New York, New York – New data from the Institute on Taxation and Economic Policy (ITEP) found that nearly 340,000 children are in families excluded from receiving the full benefits of the state’s Empire State Child Credit (ESCC) due to outmoded and punitive income tests. The new data comes after the Senate and Assembly released their budget proposals last week which included recommendations to make sure children under 4 are included in the ESCC and ITIN filers can access the New York State Earned Income Tax Credit (EITC). But these budget proposals still leave out thousands of the very lowest-income kids in the state. The Working Families Tax Credit bill (Gounardes/Cooney S277, Hevesi A4022) would do this and more: critically removing the harmful income tests so the child credit can deliver on the promise of helping families meet their basic needs — especially families of color.
These punitive income requirements are antithetical to the poverty-reduction goals of the Empire State Child Credit. Many parents or caregivers of children are unable to bring in income or work traditional jobs due to a variety of factors, such as grandparents acting as the primary caregiver and parents with disabilities. Specifically, the data from ITEP show nearly 340,000 of the very lowest-income kids in New York are in households denied the full credit because their parents or caregivers earn too little or they don’t have enough federal tax liability. Of the children who are excluded from the federal credit – on which the current state credit is based – Black and Latino children are disproportionately harmed by earnings requirements that exclude the poorest families. According to ITEP data, 48% of Black children and 46% of Latinx children are excluded from the full federal credit because of the earnings requirement and lack of full refundability.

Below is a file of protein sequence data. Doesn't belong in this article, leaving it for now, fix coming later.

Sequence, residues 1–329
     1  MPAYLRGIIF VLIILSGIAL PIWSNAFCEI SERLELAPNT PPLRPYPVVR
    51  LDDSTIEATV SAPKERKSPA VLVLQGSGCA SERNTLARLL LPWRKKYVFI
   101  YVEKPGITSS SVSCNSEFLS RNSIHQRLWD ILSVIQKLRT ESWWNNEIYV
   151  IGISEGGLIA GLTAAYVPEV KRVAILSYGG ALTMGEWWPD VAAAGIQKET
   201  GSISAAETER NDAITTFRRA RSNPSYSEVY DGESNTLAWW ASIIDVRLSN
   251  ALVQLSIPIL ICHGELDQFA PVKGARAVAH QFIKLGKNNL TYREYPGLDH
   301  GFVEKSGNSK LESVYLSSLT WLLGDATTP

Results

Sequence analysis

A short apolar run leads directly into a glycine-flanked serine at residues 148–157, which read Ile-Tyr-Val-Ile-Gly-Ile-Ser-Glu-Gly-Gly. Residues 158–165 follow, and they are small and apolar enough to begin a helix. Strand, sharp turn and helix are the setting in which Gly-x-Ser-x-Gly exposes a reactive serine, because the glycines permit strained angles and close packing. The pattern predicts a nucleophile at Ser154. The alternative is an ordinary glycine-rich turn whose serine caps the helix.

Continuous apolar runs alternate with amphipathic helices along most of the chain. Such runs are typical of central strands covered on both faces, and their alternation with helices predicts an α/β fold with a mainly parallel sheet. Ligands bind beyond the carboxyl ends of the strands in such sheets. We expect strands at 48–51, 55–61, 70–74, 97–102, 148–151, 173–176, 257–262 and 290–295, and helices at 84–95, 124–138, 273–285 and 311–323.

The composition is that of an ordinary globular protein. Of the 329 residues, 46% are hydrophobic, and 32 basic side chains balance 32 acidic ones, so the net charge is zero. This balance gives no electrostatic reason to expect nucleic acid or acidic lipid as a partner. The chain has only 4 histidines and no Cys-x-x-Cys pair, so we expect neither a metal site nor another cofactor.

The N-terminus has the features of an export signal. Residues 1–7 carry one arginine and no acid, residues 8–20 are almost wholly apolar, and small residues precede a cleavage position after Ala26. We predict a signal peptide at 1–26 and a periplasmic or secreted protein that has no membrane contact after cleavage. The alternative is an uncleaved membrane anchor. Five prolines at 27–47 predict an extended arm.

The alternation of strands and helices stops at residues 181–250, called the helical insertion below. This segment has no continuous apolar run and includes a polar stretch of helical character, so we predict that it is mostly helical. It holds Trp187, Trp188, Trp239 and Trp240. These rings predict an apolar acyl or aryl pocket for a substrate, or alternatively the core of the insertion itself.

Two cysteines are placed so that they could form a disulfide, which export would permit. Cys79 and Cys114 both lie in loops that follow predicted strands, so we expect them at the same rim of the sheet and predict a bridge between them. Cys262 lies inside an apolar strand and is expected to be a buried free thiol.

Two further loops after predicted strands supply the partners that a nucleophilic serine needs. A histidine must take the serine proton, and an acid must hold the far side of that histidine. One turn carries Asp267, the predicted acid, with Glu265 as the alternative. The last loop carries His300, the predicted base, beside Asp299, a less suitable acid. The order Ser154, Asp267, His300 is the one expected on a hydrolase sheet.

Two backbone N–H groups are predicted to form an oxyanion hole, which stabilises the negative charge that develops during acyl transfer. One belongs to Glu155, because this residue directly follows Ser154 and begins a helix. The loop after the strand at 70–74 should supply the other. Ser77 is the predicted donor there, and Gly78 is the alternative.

Dylan Grundman O’Neil, Senior State Policy Analyst at ITEP said, “The Empire State Child Credit is an important tool for lawmakers to boost low- and middle-income New Yorkers’ economic security and reduce poverty. The New York Working Families Tax Credit would improve it by eliminating the phase-in and allow children from the lowest income families, who have the most to gain from the income boost the credit provides, to receive its full value.”
“No New York family should ever have to choose between paying their bills or feeding their children. At a time when New York is facing soaring inflation and an affordability crisis, our lowest-income families need help. The Working Families Tax Credit will simultaneously expand access to that help for immigrant workers, and provide more families with young children the resources they need to thrive,” said Liza Schwartzwald, Senior Manager of Economic Justice and Family Empowerment at the New York Immigration Coalition. “It is well past time that New York closes the enormous gaps in current tax credits for workers and caregivers, and includes those families who need it the most.”
National polling on the topic of making the credit fully available to all of the lowest-income households shows that parents across both party lines agree – by a margin of two to one – that all families should be eligible for a full child benefit, regardless of their work status. Republicans without a college degree support it 52% to 29%.
The proposed Working Families Tax Credit (Gounardes/Cooney S277, Hevesi A4022) would eliminate the income requirement; broaden eligibility to kids of all ages (currently, children under age four are excluded); and increase the credit to as much as $1,500 per child. Eligible families with one to three children will receive on average $1,090 more than they currently do in New York state tax credits.
The Working Families Tax Credit, which the right-of-center Niskanen Center recently called the “boldest reform yet,” would combine the state EITC and Empire State Child Credit to give increased support to families with children under 18.